Bald Peak & Parkman Mountain

I’m currently reading Michael Finkel’s The Stranger in the Woods: The Extraordinary Story of the Last True Hermit. The book tells the story of Christopher Knight, who lived alone in the Maine woods for 27 years before being arrested for burglary in 2013. The book reminds me of Into the Wild, the book Jon Krakauer wrote about Christopher McCandless, except that while McCandless died after 100 solitary days foraging in the Alaskan wilderness, Knight survived for more than a quarter century on food and supplies he stole from nearby cabins.

Bald Peak & Parkman Mountain

With both books, the question of “why” spurs readers onward. In Krakauer’s book, you eventually learn that McCandless didn’t intend to live his entire life as a hermit: during part of his journey, he befriended others, and he intended to return to civilization after his Alaskan sojourn. McCandless was a social, likable fellow when he was around people, and after living on his own in Alaska for several months, he intended (and tried) to leave the wild. It was a cruel accident, in other words, that McCandless died a hermit’s death.

Bald Peak & Parkman Mountain

Knight, on the other hand, is a true solitary, but it isn’t immediately clear why he shuns human contact. Knight returns to civilization unwillingly. After burglarizing area cabins for more than two decades, he is captured and thrown in jail: a hermit tossed in with criminals. McCandless had specific reasons for shunning his family, but Knight doesn’t seem to hold any animus toward his family in particular or society in general: he just chooses a solitary path.

Bald Peak & Parkman Mountain

McCandless died at the age of 24, but had he lived, he would now be 49 years old: a middle-aged man approaching fifty. Knight survived his stint in the Maine woods, and he was apprehended and arrested at the age of 47. The hermetic lifestyle holds a certain appeal when you’re young, but how does it hold up as you approach middle age?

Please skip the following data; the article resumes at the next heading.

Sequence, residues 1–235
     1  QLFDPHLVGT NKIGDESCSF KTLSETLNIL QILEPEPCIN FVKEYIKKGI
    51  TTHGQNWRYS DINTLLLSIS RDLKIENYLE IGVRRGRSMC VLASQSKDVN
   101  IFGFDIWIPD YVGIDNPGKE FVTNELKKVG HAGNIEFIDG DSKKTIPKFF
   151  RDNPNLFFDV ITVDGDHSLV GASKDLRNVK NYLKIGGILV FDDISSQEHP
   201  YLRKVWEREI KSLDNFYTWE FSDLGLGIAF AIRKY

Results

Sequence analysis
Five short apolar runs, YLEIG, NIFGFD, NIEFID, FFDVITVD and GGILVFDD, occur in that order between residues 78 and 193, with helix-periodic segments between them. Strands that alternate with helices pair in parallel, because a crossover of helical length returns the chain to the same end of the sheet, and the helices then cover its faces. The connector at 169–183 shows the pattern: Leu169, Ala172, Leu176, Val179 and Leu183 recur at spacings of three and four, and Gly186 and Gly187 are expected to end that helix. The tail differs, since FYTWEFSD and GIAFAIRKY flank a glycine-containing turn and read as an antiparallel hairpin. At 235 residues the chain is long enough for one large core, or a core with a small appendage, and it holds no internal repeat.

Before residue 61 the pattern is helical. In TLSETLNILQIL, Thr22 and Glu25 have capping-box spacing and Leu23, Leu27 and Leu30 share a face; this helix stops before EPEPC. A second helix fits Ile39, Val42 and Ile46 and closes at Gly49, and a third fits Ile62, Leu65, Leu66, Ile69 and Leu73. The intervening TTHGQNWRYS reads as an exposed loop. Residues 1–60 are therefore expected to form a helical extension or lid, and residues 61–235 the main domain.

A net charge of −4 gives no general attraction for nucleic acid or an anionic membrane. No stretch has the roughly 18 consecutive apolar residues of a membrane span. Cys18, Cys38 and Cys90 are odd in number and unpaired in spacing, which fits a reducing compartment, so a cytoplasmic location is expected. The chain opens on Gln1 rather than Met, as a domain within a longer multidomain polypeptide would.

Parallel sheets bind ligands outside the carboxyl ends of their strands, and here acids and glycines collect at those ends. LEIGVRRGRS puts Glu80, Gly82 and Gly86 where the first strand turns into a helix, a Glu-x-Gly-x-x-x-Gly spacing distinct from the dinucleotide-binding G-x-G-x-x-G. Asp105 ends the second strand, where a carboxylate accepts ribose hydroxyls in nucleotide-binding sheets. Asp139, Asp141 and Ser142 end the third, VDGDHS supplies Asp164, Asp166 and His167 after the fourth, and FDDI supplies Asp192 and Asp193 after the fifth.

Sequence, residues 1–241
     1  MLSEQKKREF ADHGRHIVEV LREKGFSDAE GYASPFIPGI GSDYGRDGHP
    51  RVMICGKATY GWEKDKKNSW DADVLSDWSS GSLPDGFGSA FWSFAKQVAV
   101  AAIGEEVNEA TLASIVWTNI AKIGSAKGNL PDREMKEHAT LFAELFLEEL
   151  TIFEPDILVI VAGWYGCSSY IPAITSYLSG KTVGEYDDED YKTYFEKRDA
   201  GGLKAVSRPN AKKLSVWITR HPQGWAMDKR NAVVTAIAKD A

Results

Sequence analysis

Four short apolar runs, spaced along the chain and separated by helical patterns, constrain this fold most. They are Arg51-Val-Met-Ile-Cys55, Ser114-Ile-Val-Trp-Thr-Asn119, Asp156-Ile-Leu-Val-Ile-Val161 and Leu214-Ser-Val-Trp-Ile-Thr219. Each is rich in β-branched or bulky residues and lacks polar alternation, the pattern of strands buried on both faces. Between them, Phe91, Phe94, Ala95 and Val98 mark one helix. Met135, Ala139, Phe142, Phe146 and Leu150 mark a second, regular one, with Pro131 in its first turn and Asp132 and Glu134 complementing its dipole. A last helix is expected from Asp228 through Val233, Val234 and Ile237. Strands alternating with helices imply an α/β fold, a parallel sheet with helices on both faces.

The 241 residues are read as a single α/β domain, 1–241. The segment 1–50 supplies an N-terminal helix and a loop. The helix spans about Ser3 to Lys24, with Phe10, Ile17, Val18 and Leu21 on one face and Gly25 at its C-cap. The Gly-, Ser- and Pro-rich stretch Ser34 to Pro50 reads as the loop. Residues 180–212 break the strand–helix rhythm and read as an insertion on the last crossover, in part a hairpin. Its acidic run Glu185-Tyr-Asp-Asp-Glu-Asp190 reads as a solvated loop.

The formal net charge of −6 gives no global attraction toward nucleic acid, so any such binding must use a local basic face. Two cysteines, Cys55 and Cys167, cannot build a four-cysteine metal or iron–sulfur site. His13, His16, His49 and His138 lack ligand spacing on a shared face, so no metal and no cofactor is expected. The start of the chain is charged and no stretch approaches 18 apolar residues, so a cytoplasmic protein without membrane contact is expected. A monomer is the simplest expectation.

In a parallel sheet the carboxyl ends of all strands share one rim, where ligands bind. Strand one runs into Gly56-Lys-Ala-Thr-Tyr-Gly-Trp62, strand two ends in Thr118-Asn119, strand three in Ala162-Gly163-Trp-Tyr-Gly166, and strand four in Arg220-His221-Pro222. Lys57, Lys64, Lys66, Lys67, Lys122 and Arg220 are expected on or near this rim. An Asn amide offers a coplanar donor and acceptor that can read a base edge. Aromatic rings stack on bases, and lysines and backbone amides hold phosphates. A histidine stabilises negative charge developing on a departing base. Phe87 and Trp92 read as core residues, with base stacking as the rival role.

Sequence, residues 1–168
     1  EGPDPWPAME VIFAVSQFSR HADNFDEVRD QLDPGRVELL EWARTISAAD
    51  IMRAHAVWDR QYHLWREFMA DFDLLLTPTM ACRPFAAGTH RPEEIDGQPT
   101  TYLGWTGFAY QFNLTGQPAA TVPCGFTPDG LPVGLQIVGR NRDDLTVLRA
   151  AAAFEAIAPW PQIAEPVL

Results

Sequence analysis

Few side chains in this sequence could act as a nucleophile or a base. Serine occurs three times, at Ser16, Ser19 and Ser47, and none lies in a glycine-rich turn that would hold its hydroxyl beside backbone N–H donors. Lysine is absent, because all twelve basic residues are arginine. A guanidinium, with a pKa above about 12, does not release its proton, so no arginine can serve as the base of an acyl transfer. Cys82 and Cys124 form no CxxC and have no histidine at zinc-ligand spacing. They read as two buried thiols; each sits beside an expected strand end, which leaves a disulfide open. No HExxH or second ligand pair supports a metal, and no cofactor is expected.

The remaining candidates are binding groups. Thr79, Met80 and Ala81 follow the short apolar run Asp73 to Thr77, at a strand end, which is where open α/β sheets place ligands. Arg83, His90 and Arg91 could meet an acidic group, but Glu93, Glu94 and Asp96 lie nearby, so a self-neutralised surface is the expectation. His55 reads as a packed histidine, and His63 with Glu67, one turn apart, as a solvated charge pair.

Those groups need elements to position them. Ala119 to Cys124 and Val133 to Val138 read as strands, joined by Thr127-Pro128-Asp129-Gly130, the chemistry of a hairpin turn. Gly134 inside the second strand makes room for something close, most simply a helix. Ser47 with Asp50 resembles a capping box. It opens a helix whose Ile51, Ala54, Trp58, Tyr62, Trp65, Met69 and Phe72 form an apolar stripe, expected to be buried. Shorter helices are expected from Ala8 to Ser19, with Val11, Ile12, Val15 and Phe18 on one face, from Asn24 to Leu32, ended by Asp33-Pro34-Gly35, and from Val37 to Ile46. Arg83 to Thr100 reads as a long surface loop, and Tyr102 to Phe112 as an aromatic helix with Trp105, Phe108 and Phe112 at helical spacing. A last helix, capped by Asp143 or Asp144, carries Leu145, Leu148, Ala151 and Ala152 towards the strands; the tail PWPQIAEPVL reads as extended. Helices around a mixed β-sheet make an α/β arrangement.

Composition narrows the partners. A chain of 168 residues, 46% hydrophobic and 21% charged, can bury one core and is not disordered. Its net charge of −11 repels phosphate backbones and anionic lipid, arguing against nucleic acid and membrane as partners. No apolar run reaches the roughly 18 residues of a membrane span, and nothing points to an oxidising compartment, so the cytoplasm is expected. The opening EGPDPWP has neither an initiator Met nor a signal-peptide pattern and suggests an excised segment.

We can write-off Chris McCandless’ quest as the wayward ways of a young man who hadn’t yet found himself: Krakauer, who wrote McCandless’ story when he was 42, looks back upon his own youth and finds parallels between his life and that of his subject. But if youthful restlessness similarly drove Knight to the forest, what is it that kept him there?

Bald Peak & Parkman Mountain

We’ve all probably had times when we’ve wanted to abandon our obligations and escape into the wild, but those of us who are middle-aged presumably outgrew those inklings, choosing instead to settle down and get serious about the business of homemaking, starting a family, or pursuing a career. But Knight sidesteps all those presumably normal pursuits, walking into the woods at the age of 20 and showing no signs of wanting to return. How do you live 27 years of your life in a solitary camp with nothing but a long list of burglaries to your name? Wouldn’t you at some point decide to pursue another path?

Bald Peak & Parkman Mountain

This is what keeps me reading: I want to see what would keep a man in the woods for over two decades. I can understand the impulse that would drive a person to leave society, but not necessarily the fortitude that would keep him away.

Today’s photos come from a solo trip to Maine I took in September, 2004 and blogged here.